• United States
by Josh Greenbaum

The future is services with a smile

Feb 13, 20065 mins
Enterprise Applications

The future of software is services with a smile, says Josh Greenbaum, a consultant.

It’s always tempting to talk about the future of enterprise software in terms of technology. But if I take a hard-nosed look at the future of enterprise software, I see something more important than mere technology, as compelling as technology is.

Because the most important trend to hit the software world in the next five years won’t be about bits and bytes, but about something that only a lawyer or accountant could get excited about: corporate buyers’ changing relationships to their software vendors.

The changing relationship between customer and vendor will have multiple dimensions, but all with a similar impact: Total cost of ownership will go down, while customer choice goes up. Customers will be able to not only choose from an increasingly wide palette of functionality that can be delivered at a much lower cost, but they also will be able to choose from a wider palette of services, support, maintenance and licensing schemas that will turn this into a buyers’ market that would make Adam Smith weep for joy.

As it turns out, there is a little technology behind the first reason why the customer/vendor relationship is about to change so dramatically. The advent of service-oriented architectures (SOA) will set the stage for much of this change. Once the world of enterprise software is truly service enabled, and customers have well-designed and highly functional service architectures in place, software development and deployment will be changed forever.

Whereas today complex business processes have to be programmed from scratch by an army of high-priced consultants or bought as part of a high-priced packaged software suite, the world of SOAs will let those processes be assembled, in a highly customer-specific manner, from a Lego-like set of existing subprocesses and services. Complex processes will no longer be complex to build and maintain, and the mass-customization of off-the-shelf business processes will raise productivity significantly.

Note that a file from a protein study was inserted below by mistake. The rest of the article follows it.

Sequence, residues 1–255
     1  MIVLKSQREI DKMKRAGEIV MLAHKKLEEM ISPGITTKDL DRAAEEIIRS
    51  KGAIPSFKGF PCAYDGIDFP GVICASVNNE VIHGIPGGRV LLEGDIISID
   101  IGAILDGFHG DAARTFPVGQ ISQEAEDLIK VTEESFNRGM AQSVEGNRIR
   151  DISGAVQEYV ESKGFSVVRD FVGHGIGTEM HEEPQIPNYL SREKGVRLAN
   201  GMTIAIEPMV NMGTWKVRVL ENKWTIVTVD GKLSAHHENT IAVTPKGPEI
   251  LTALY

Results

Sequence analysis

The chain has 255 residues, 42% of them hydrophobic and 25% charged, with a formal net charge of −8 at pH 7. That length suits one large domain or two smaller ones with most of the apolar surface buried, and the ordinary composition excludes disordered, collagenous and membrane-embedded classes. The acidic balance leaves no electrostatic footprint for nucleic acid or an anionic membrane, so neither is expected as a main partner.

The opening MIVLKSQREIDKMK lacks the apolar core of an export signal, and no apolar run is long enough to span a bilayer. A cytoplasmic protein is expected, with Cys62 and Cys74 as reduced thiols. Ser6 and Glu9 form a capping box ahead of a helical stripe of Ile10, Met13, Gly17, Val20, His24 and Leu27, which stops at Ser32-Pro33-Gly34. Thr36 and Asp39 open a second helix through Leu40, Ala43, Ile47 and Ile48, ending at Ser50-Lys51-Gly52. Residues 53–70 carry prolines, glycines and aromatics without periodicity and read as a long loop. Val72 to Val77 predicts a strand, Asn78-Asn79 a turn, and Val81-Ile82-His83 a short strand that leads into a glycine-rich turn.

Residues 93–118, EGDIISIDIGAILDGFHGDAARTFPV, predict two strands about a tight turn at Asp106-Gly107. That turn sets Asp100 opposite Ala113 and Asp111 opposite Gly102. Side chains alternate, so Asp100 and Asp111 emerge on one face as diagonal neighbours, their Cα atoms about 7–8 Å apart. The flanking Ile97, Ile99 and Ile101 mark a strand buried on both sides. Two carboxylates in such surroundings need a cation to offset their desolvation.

These service architectures will be at the forefront of the change in the buyer/seller relationship. Software vendors will go from being high-priced caterers, delivering entire ready-to-eat meals, to being grocery stores selling ingredients for an increasingly capable do-it-yourself army of chefs and cooks. As an ingredient seller, the vendor’s pricing will reflect the fact that some components are commodities (such as general ledger) and some are highly specialized and very expensive (such as invoice reconciliation for the retail supply chain.)

Service and support will change as well, because no single vendor will necessarily take full responsibility for a complex component application that depends on services developed and supported by third parties. If your caterer sends over a bad soufflé, you know who to call. If your homemade soufflé fails to rise, you can try blaming the hen that laid the eggs, but chances are it will be hard to figure out what went wrong and how it should be fixed.